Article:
*Benefits are often paid in arrears and an additional buffer may be required.



Do individual features suit your client?

The individual features of a product can also help you align the right recommendation to the right client. You should consider:

Future insurability

Products that include future insurability may be valuable for clients who are likely to have additional needs in the future – making medical underwriting-free increases an important tool for long term planning.

Waiting period requirements

Definitions of this requirement can vary a lot. Some products have requirements for up to 14 consecutive days of total disability to access a claim; others have no total disability requirement during the waiting period and the ability to access partial disability on day one. Understanding your client’s expectation can help you narrow a choice to the most appropriate product.

Additional boosters/ accident benefits

Some clients may be particularly concerned with early access to benefits, or access to additional early amounts after an accident or trauma event. A product with these features can facilitate this and deliver value for money for your client.

Total and Permanent Disability (TPD) definitions and waiting periods

Beyond ‘own occupation’ and ‘any occupation’ definitions, (which you should align with a client’s occupation and work history) different products may include longer waiting periods to claim on TPD. There may also be additional tiers to access TPD payments for events such as loss of limb or sight/hearing. Understanding a client’s expectations can help you align these to the right client profile.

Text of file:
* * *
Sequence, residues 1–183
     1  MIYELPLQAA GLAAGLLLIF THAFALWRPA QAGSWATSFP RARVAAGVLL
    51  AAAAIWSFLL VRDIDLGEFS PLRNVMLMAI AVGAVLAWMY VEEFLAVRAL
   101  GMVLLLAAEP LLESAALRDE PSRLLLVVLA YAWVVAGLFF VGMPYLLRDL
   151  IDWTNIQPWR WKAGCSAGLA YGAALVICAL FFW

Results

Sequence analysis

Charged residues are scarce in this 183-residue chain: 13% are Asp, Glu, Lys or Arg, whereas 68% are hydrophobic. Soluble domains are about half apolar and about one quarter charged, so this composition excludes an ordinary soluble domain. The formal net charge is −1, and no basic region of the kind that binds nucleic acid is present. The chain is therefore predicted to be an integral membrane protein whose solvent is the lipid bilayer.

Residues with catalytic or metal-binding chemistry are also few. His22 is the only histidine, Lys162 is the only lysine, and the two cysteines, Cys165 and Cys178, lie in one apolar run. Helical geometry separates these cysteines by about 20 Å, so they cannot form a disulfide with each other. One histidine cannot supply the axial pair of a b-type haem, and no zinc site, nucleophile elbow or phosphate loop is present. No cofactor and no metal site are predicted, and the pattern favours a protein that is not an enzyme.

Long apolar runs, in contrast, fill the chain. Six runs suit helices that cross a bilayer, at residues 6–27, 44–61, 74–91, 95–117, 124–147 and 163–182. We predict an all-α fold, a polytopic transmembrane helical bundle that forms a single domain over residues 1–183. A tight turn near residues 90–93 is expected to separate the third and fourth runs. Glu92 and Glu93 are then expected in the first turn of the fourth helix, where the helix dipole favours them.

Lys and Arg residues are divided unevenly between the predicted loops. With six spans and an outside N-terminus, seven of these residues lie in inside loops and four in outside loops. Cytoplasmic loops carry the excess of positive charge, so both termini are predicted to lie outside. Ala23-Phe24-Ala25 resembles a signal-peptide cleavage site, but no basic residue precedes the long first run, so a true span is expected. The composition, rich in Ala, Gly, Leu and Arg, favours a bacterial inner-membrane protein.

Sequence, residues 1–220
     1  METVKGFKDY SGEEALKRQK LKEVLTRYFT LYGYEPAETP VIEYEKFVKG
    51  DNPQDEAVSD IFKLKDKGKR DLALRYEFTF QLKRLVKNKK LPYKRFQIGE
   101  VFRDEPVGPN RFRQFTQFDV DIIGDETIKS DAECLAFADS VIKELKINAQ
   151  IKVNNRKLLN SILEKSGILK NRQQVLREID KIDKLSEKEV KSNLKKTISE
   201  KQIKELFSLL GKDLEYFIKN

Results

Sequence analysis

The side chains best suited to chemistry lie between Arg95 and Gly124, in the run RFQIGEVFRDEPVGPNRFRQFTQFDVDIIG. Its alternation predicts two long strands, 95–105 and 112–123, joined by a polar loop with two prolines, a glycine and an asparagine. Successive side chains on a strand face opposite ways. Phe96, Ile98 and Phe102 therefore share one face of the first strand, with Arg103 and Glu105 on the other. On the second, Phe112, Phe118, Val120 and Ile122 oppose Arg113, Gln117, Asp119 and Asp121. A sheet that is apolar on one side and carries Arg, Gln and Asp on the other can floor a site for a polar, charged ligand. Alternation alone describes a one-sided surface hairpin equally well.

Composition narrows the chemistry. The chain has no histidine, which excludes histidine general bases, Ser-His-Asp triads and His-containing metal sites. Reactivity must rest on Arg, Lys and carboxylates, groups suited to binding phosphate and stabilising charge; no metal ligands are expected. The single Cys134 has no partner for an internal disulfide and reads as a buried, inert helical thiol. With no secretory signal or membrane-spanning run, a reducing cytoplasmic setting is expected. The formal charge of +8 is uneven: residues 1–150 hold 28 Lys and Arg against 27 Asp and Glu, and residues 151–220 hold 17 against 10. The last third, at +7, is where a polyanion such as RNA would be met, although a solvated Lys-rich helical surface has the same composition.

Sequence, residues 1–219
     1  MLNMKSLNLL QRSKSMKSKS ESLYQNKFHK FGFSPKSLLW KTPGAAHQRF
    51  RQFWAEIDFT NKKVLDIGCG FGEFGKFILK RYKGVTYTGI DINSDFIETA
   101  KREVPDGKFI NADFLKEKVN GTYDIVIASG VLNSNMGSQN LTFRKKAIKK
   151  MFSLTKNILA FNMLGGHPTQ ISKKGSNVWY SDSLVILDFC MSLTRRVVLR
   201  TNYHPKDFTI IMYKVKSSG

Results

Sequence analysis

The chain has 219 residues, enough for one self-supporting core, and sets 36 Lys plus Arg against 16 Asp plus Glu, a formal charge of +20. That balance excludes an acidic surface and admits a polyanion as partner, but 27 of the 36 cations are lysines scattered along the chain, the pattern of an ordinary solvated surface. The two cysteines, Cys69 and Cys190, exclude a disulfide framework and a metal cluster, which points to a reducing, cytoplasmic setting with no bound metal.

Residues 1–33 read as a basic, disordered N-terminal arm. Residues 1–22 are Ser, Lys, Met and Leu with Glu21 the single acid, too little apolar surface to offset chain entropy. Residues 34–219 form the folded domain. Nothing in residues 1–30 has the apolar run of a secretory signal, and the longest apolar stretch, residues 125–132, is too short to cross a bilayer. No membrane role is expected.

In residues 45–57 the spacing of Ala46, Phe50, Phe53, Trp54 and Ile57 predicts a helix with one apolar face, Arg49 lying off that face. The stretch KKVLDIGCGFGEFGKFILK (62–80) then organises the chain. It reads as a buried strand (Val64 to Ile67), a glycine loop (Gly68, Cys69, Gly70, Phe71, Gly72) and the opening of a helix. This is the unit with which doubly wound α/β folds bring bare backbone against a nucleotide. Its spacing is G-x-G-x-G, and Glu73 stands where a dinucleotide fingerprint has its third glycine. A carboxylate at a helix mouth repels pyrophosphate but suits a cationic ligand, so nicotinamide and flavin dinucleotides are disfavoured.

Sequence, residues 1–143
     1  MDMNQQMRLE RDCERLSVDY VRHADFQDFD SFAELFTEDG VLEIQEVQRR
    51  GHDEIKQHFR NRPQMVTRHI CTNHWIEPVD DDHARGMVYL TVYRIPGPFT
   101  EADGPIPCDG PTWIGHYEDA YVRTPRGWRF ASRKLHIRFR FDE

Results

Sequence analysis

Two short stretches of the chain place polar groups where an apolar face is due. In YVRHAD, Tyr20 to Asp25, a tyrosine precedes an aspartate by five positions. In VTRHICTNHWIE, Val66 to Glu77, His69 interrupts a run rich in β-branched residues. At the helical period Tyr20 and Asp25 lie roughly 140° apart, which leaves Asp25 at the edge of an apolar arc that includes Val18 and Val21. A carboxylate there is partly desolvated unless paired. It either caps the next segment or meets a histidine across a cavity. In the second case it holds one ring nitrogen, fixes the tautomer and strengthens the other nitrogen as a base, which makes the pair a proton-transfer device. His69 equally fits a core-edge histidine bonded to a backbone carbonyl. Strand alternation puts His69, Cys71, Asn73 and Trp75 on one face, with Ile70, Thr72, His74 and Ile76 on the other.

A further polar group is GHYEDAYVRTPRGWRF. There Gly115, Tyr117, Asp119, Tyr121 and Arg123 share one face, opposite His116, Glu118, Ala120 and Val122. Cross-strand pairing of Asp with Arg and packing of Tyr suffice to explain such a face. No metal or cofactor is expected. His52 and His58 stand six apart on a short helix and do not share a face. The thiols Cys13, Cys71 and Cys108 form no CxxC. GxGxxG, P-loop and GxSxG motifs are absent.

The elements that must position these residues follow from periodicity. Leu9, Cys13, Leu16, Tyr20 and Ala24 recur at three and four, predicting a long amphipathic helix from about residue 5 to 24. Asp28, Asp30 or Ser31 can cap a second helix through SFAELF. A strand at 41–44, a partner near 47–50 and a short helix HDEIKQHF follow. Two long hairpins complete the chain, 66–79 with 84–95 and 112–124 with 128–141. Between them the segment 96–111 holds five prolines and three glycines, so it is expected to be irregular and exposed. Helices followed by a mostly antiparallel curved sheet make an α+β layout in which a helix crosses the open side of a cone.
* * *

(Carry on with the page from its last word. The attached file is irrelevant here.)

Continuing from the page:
Trauma inclusions

It’s important to educate clients so you can discuss what’s suitable for them. For trauma insurance, this can include access thresholds for degenerative conditions claims, if a condition will only be covered by or a full or partial claim, or the list of simple diagnoses that are covered. It’s important to consider whether payment is subject to severity criteria or triggered by diagnosis only. Data on claims statistics (such as the MLC Insurance 2022 numbers below) could assist when reflecting on what’s important.


MLC Life Insurance Trauma claims: January – December 2022


Buyback / reinstatements

Different products may have buyback or reinstatements. These can sometimes be built into the product or be an extra cost option. When exercised, the bought-back or reinstated product may differ on what’s excluded for subsequent claims. Talk with your client about what they expect from regained cover and what they could claim on, and if this future coverage is important.


Informed clients make better decisions. By having these discussions, and truly getting to the heart of what is important to the client, advisers can show the real benefit of professional risk advice. It goes beyond finding the highest rated product or cheapest premium.

By better understanding your clients, you can get their buy-in long term. You may also create advocates who will promote your services to friends and family. And you’ll seamlessly meet your compliance requirements to act in a client’s best interest.

Learn more about aligning products to your client’s needs in Marshall Ross’s two-part webinar series. Reach out to your dedicated BDM to learn how to access on-demand webinar recordings.

Register here.